Palliative care: The man in a state of exception
Keywords: biopolitics, palliative care, state of exception, bare life
Language: In Latvian

In Latvia, palliative care as a system is unable to help everyone who is in need of it. The system often imposes an additional burden of suffering and humiliation on the terminally ill or dying person, thus affecting his or her relationship with death. One becomes a victim of contradictions between the intent and realisation of the system. As late as in the autumn of 2021, the first opportunity for state-funded full-time care of hospice at home was created in Latvia. The aim of the article is to look at the problems of palliative care in Latvia in the context of Giorgio Agamben’s biopolitical theory and to highlight the presence of the state of emergency, naked life and camp phenomena to help understand and approach their causality and contradictions in the system that determines the quality of life of the patient and his/ her relatives and pushes them into the zone of uncertainty.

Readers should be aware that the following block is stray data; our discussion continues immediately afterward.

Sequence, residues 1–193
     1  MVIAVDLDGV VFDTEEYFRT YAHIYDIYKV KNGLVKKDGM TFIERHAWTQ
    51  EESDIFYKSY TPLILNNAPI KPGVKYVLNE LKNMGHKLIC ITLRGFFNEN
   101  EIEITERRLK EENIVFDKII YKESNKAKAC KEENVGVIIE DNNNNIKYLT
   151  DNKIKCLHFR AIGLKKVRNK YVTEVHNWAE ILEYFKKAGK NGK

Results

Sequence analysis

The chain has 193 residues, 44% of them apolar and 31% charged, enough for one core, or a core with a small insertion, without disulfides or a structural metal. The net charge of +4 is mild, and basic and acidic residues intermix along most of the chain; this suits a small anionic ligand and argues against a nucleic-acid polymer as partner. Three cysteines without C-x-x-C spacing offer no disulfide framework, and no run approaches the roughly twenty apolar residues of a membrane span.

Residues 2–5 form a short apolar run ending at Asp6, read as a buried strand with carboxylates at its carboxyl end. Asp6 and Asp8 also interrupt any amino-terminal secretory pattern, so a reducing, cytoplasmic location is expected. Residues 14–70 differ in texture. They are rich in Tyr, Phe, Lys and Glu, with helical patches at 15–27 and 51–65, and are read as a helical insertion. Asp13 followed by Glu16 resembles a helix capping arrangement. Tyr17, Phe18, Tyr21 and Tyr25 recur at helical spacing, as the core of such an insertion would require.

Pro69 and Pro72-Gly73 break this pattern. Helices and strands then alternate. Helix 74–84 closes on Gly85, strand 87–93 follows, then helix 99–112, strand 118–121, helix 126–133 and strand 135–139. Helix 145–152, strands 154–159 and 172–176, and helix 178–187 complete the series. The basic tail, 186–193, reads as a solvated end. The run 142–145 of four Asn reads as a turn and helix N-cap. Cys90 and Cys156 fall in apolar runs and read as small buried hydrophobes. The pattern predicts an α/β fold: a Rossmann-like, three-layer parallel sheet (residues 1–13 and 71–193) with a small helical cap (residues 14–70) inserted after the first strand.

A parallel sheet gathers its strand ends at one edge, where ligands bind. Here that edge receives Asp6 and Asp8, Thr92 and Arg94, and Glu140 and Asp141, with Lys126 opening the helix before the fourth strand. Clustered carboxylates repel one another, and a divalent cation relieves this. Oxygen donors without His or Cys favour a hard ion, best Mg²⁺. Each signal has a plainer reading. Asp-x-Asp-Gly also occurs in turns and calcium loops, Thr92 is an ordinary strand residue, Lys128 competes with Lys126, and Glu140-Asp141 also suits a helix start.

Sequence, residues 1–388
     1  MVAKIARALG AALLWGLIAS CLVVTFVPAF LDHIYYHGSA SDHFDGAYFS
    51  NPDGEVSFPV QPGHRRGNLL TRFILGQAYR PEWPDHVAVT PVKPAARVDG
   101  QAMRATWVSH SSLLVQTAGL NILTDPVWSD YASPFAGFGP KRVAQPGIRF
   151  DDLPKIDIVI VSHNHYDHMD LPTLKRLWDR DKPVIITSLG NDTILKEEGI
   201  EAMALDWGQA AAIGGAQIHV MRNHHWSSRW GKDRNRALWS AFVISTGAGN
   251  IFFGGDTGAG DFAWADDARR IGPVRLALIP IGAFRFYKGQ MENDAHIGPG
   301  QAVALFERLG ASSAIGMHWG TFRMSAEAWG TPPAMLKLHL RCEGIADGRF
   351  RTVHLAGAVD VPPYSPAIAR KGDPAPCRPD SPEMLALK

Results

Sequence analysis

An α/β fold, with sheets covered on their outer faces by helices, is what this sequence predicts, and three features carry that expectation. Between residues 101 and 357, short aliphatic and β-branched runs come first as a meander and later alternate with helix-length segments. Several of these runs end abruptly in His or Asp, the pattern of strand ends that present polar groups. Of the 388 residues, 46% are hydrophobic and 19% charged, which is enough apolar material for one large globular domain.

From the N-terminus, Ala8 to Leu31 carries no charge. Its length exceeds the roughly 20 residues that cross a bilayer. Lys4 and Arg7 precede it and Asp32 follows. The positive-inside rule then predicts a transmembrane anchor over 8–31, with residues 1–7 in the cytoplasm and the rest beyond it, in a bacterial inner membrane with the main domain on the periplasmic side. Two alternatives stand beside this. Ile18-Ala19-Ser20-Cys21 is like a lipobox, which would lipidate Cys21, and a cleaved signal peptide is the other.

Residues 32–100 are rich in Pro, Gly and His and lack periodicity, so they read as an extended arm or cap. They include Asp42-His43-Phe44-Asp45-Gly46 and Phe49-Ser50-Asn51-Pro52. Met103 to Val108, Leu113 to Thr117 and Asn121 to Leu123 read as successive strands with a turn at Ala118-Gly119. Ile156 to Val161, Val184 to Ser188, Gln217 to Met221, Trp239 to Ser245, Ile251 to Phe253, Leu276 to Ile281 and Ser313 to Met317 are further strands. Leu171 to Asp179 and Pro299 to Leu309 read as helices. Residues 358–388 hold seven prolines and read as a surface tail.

Biopolitics can be seen as an inclusion of life in the political dimension. Agamben’s theory offers a philosophical approximation of the impact of biopolitical processes and an understanding of the interrelationships locally affecting the palliative care system and the lives of incurable patients. Identifying and exploring the problems and their causes, or at least approaching identification of them, can provide a conceptual basis for further discussion and pave the way for a new policy that would allow palliative care to fulfill its mission of affirming the value of a human’s life and taking care of a patient’s quality of life until death, preventing the cancellation of the person. Palliative care is the area of life where an in-depth ethical view would correspond to search instigated by Agamben.